zelig.jpgI won’t go into detail on the rest of the book, other than to comment on its thesis, that Slocum was a dynamic version of Locke’s blank slate.  That is to say, he was a reflector of light, and tended to absorb the characteristics of his commanding officers.  Melton’s Slocum, in other words, was akin to Woody Allen’s Zelig (left): a human chameleon.  It’s an interesting construct, but falls apart when facets of Slocum’s personality or actions appear at odds with the author’s preconceived notions of the characteristics of those Slocum was supposed to be emulating.  Either he was a reflector, or he wasn’t.  So far it’s looking like he only reflected what the author saw as his commanders’ negative attributes – any positive features were Slocum’s alone.  But then, I’ve only read through McDowell, McClellan, Burnside & Hooker.  Perhaps once Slocum comes under the influence of someone to whom history and historians have been more kind, like, say, Sherman, things will change in this book.  I suspect they will.





#4 – McDowell’s Plan

30 10 2007

 

CORRESPONDENCE, ORDERS, AND RETURNS RELATING TO OPERATIONS IN MARYLAND, PENNSYLVANIA, VIRGINIA, AND WEST VIRGINIA FROM APRIL 16 TO JULY 31, 1861

UNION CORRESPONDENCE, ETC.–#4

O.R.– SERIES I–VOLUME 2 [S# 2] — CHAPTER IX pp 719-721

HDQRS. DEPARTMENT NORTHEASTERN VIRGINIA,

Arlington, June(*) –, 1861

 Lieut. Col. E. D. TOWNSEND,

Asst. Adjt. Gen., Headquarters of the Army:

COLONEL: I have the honor to submit the following plan of operations, and the composition of the force required to carry it into effect, in compliance with the verbal instructions of the General-in-Chief:

The secession forces at Manassas Junction and its dependencies are supposed to amount at this time to–

Infantry          23,000

Cavalry          1,500

Artillery           500

Total               25,000

We cannot count on keeping secret our intention to overthrow this force. Even if the many parties intrusted with the knowledge of the plan should not disclose or discover it, the necessary preliminary measures for such an expedition would betray it; and they are alive and well informed as to every movement, however slight, we make. They have, moreover, been expecting us to attack their position, and have been preparing for it. When it becomes known positively we are about to march, and they learn in what strength, they will be obliged to call in their disposable forces from all quarters, for they will not be able, if closely pressed, to get away by railroad before we can reach them. If General J. E. Johnston’s force is kept engaged by Major-General Patterson, and Major-General Butler occupies the force now in his vicinity, I think they will not be able to bring up more than ten thousand men. So we must calculate on having to do with about thirty-five thousand men.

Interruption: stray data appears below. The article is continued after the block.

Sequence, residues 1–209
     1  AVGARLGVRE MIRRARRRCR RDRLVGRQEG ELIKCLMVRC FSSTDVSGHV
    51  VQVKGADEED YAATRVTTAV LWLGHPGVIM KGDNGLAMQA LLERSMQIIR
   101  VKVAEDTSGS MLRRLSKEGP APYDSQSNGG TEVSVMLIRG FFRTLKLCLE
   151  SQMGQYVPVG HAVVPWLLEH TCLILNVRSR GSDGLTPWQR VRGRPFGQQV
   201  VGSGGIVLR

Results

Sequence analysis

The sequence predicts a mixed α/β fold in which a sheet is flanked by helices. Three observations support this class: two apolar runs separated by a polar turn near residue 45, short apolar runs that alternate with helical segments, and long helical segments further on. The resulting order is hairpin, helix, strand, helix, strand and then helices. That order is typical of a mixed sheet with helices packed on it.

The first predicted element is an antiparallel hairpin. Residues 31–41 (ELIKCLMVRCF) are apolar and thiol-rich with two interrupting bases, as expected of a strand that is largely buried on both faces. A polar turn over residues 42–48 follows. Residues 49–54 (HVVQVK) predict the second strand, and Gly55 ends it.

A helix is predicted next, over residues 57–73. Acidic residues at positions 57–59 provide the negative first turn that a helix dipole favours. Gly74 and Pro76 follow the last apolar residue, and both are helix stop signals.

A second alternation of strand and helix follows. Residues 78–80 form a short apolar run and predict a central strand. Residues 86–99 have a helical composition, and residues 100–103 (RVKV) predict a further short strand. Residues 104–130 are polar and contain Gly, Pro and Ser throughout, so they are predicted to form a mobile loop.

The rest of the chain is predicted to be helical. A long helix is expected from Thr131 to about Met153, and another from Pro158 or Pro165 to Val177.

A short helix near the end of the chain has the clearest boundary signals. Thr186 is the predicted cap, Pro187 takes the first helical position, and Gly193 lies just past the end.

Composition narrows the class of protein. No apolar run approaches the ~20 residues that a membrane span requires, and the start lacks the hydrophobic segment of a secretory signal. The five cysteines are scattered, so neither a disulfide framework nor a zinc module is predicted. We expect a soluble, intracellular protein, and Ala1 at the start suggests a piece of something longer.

The objective point in our plan is the Manassas Junction. This is covered by the enemy’s troops stationed at Centreville, Germantown, Fairfax Court-House, Fairfax Station, a place between Fairfax Station and Sangster’s, and on the Occoquan. The position at Manassas may be reached by four routes: First, by the Leesburg stone road, Georgetown turnpike, and Loudoun and Hampshire Railroad, via Falls Church and Vienna; second, by way of the Little River turnpike and Fairfax Court-House; third, by way of the Orange and Alexandria Railroad; fourth, by way of the road south of the Orange and Alexandria road.

There is a fifth approach, from Dumfries or Evansport, by way of Brentsville, a march of about twenty-two miles, but the starting point is too far from the main direct approach to admit of its being used in the first instance without a superabundance of force. The country lying between the two armies is mostly thickly wooded, and the roads leading across it, except the turnpikes and railroads, are narrow, and in places sunken by the wear of travel and wash of rains. This makes it necessary to have the fewest possible number of carriages of any kind, and our forces, therefore, though the distance is short, will have to move over several lines of approach in order to get forward in time a sufficient body to operate with success. The Loudoun and Hampshire road is in working order as far as within five miles of Vienna, and no doubt could soon be repaired to that place. The Orange and Alexandria road, which I propose to look to as the main channel of supply, is now in working order some seven miles out of Alexandria, and from Manassas Junction to within fifteen miles of Alexandria. In the intermediate space the road has been destroyed as effectively as possible, and a long deep cut filled in with trees and earth. Nevertheless, all these obstacles can soon be removed with plenty of force and an adequate supply of proper materials.